Gilbert Speaks on Tim Burton’s Big Fish

27 Dec

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Big Fish is a 2003 fantasy film that was based on a novel by Daniel Wallace. It tells the story about a father with big tales and a son who longs for the truth. Now that the father is near death, will the son ever learn the truth? When is a lie not a lie? Meet me after the jump

Plot

Big Fish directed by Tim Burton and produced by Richard D. Zanuck stars Ewan McGregor, Albert Finney, Billy Crudup, Jessica Lange, Marion Cotillard and Danny Devito. It deals with a father who was away most of the time his son was growing up and now that the father (Albert Finney) is on his deathbed, his son (Billy Crudup) wants to know if his father ever loved him. Although this is a story about fathers and sons, daughters can clearly connect to the plot.

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What do we really know about our parents? William (Billy Crudup) has been listening to his Edwards’s (Albert Finney) stories about giants, werewolves, witches, and magical towns for a long time. Will may have believed the stories as a young child, but now that he is grown, married and expecting his first child to be born, the stories that amuse everyone else, only make William feel more distant to his father. “Tell me the truth,” Will demands, but Edward insists that his wild tales are true.

We, the audience, listen intently as Edward repeats the story of his life through flashbacks. Young Edward is played by Ewan McGregor and the love of Edward’s life, Sandra, is played by Jessica Lange and Alison Lohman. We, the audience, leap head first into the flashbacks that reveal how Edward sets out on the journey of a lifetime filled with many lovable and peculiar people.

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While Will squirms in his seat whenever Edward begins another story, I find myself wanting more. Did Edward really parachute into a North Korean military show only to be rescued by conjoined Siamese twins, Ping and Jing? Was Jenny Hill (Helena Bonham Carter) a real witch? Was Amos Calloway (Danny DeVito) the circus ringmaster a werewolf? What we know for sure is that Big Fish is a love story that shows what a man must endure to win the heart of the woman he loves.

Conclusion

I think everybody has a story to tell…some do it better than others. I really connected to this old film and watch it every time it’s on cable. It reminds me of my father and his stories. Fred would tell fantastical stories and as children, my siblings and I believed him. My father told us that the horrid scars on his leg were from a war injury. He told us in detail how he was shot in the leg and how he hopped for miles on one leg until he reached safety.

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Yes, I know…the entire story was bullshit, but when my father told that story, we kids believed him and thought him the bravest of soldiers. It wasn’t until we were in grade school that we began to scrutinize the story. My father was never in the military. His injury was due to a sled accident. But although the real reason for the scars is a worthy enough story, my father needed to tell his story in his own way.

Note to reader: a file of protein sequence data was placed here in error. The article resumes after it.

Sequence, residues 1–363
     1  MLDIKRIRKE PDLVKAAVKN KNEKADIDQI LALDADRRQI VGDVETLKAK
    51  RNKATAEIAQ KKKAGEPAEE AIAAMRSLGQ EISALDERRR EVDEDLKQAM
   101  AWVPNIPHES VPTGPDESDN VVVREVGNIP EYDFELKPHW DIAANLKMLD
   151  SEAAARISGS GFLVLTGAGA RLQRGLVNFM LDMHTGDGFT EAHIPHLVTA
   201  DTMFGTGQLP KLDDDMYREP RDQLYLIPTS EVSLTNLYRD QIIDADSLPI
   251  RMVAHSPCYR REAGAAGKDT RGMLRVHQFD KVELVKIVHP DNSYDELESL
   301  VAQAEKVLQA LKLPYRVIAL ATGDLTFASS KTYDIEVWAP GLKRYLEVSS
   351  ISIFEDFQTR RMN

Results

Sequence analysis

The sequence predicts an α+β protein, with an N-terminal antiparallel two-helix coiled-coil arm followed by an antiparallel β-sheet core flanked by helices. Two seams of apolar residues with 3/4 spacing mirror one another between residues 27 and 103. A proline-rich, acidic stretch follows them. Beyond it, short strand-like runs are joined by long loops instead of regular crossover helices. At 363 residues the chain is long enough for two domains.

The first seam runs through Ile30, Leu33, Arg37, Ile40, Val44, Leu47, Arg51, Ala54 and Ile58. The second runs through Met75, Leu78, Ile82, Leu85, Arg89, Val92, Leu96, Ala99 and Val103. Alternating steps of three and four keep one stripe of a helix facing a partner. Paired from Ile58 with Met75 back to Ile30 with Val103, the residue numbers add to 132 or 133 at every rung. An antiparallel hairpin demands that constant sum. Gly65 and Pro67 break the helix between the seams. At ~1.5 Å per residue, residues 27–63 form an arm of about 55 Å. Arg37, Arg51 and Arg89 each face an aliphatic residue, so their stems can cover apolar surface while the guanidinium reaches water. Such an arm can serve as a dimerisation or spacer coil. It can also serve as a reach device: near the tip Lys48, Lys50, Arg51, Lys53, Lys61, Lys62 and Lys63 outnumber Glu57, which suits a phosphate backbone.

In Big Fish, Will had never believed in his father’s stories until the very end. It wasn’t until the funeral that Will realized that the stories Edward told were true in their own way. The people in Edward’s exaggerated stories were real down to earth people who were made magical in the telling of the tale.

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We all need some magic in this life and although my father often exaggerated in his tales, the truth, I came to learn, was more fantastical. Like the time he told Aunt Louise that he built a pigeon coup on the roof of our second story home. He went into detail how his bum leg would keep him from climbing the ladder to feed the pigeons. He wanted her husband Jack to feed the pigeons. Aunt Louise was not at all happy about her husband spending hours at our house every night to feed some stupid pigeons.

My father would have gotten along great with Edward from Big Fish. Fred was a good story teller, but the truth…there were no pigeons…just a card game that Uncle Jack wanted to be part of.

Watch Big Fish if you can. It is a feel good film for those who weave the stories and for those who listen.

 

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2 Responses to “Gilbert Speaks on Tim Burton’s Big Fish”

  1. Saundra Goodson December 27, 2016 at 4:48 am #

    Marie, I was privileged to attend a workshop given by the author of Big Fish, Daniel Wallace (who also happens to be from Alabama, like me). What a wonderful experience and learning opportunity. He is quite personable. Love your blog!!!

    • gilbertspeaks December 27, 2016 at 3:34 pm #

      Hi Saundra. You are so lucky. I would have loved to ask him questions about his inspiration for the story. And, I’m so happy that you like my blog

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